Friday, September 14, 2007

Carpal tunnel syndrome - Wikipedia, the free encyclopedia

Helge: Need to take a deeper look into this. The repetitive stress injury (RSI).

Carpal tunnel syndrome - Wikipedia, the free encyclopedia: "Carpal tunnel syndrome From Wikipedia, the free encyclopedia • Ten things you didn't know about Wikipedia •

Jump to: navigation, search Carpal tunnel syndrome Classification & external resources Transverse section across the wrist and digits. (The median nerve is the yellow dot near the center.

The carpal tunnel is not labeled, but the circular structure surrounding the median nerve is visible.) ICD-10 G56.0 ICD-9 354.0 OMIM 115430 DiseasesDB 2156 MedlinePlus 000433 eMedicine orthoped/455 pmr/21 emerg/83 radio/135 MeSH D002349 This article is about the medical condition.

For the anatomical structure, see Carpal tunnel. For the Kid Koala album, see Carpal Tunnel Syndrome (album). Carpal tunnel syndrome (CTS) is a medical condition in which the median nerve is compressed at the wrist, leading to pain, paresthesias, and muscle weakness in the forearm and hand.

A form of compressive neuropathy, CTS is more common in women than it is in men, and, though it can occur at any age, has a peak incidence around age 42. The lifetime risk for CTS is around 10% of the adult population.

Although the condition was first noted in the medical literature in the early 1900s, the first use of the term 'carpal tunnel syndrome' was in 1938. The pathology was identified by physician George Phalen of the Cleveland Clinic after working with a group of patients in the 1950s and 60s.

CTS became widely known to the general public in the 1990s as a result of the significant increase in chronic wrist pain due to the rapid expansion of office jobs. Other conditions may also be misdiagnosed as carpal tunnel syndrome."

RSI is no small matter. It accounts for 34% of all lost-workday injury and illness — and costs almost $20 billion annually, according to the Bureau of Labor Statistics. The National Academy of Sciences has concluded that an estimated $50 billion is lost by businesses every year from sick leave, decreased productivity and medical costs linked to repetitive stress disorders. The Academy has published two reports since 1998 which directly link repetitive motion to workplace injury.

The damage sustained from RSI is due to structural changes in the muscle fiber as well as due to decreased blood flow. Nerves can also be involved. The immobile tissue and surrounding inflammation compress the nerve which can cause numbness or tingling and eventually weakness if the nerve is damaged severely.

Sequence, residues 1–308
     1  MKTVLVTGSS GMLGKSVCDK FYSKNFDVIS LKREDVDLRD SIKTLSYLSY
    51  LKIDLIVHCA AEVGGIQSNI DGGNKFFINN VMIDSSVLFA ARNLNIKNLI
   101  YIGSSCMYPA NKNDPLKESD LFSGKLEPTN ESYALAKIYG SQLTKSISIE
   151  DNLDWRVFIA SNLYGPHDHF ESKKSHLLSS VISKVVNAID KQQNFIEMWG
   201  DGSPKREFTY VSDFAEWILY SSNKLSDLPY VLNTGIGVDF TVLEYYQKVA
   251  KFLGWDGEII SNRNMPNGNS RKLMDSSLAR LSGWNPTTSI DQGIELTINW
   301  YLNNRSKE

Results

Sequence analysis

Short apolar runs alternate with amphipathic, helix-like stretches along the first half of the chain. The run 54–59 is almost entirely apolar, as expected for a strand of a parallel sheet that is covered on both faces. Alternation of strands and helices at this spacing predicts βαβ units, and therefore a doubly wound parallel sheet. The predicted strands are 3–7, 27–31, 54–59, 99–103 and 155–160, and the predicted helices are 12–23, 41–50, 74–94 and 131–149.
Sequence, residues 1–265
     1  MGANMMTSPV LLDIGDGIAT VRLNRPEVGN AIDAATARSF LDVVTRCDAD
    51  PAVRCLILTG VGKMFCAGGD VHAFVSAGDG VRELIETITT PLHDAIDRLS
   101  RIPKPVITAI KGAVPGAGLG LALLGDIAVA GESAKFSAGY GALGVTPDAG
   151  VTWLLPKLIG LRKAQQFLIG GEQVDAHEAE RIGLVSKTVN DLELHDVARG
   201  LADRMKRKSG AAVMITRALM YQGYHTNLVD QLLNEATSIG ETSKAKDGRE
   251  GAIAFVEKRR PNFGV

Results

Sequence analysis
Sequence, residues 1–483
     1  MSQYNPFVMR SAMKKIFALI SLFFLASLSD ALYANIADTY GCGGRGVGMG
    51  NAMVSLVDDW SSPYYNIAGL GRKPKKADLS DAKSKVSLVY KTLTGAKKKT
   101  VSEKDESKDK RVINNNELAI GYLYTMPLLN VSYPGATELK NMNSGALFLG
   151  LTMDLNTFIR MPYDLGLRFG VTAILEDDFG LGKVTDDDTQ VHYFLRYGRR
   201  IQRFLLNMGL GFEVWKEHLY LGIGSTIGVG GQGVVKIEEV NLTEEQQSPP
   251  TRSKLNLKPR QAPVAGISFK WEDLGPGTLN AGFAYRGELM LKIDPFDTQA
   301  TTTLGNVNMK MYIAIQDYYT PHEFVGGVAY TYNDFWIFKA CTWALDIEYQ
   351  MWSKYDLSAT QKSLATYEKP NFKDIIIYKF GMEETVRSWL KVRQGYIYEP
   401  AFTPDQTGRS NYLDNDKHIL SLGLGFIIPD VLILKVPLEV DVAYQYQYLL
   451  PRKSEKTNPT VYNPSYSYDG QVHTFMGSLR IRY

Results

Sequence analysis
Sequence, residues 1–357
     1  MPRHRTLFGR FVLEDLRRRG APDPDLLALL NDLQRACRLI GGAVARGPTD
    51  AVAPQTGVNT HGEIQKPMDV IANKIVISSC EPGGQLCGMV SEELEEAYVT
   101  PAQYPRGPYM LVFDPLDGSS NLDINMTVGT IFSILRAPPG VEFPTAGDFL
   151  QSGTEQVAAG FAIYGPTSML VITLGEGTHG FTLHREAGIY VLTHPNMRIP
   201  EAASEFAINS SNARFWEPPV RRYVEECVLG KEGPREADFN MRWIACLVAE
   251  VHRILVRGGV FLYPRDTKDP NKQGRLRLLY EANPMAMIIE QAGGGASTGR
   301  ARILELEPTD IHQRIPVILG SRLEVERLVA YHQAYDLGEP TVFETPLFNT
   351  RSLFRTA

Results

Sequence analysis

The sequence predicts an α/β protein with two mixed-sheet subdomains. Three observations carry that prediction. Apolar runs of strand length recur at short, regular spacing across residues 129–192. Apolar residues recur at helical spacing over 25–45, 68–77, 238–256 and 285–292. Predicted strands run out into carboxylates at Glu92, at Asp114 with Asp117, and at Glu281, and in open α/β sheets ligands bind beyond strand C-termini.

For those of you who need evidence, see this study on "Overuse Syndrome." In this study, biopsies were taken from hand muscles of injured and normal subjects, which demonstrated the structural damage in the muscle fibers and correlated the damage with the severity of the injury. In another study, biopsies were taken from neck muscles, and reduced local blood flow was found in the injured areas. The greater the pain difference, the greater the reduction in blood flow.

Some of the most common RSI injuries are tendonitis and carpal tunnel syndrome (CTS). Work-related carpal tunnel syndrome now accounts for more than 41% of all repetitive motion disorders in the United States, says this study. And here's a telling title: "Hard work never hurt anyone: or did it?" -- it's a review of occupational associations with soft tissue musculoskeletal disorders of the neck and upper limb.

So what should you do? The key to treatment is prevention. Research shows that injuries decrease and productivity increases when employers encourage stretch breaks and stress the importance of ergonomics. See for example this one at at Ergonomics Now.

Here are a few tips: -- Breaks should be taken every 30-45 minutes for at least 5 minutes. If you need assistance there are free downloadable timers that will help remind you to do so.

  1. Stretch your arms, hands, neck, and back during breaks. This yoga site demonstrates some exercises. Other sites are listed below.

  2. Maintain posture alignment. Don't slouch on the couch with the laptop.

  3. Work stations should be reviewed initially and with each office move. Adjust your chair, monitor, keyboard, mouse, laptop. Alternate keyboards and mice periodically.

  4. Shift your gaze from the computer screen to the distance. And don't forget to blink!

  5. Limit non-essential computer use. This may be heresy -- but do give the surfing, gaming, emailing, and text messaging a rest.

-- If pain occurs or persists, see your doctor, who may recommend wrist brace, ice packs, anti-inflammatory medication such as ibuprofen, cortisone injections, physical therapy, and most importantly, rest to allow healing. Don't procrastinate in addressing your symptoms -- the sooner you tend to them, the better off you are.

And finally, here are more sites that may be helpful:

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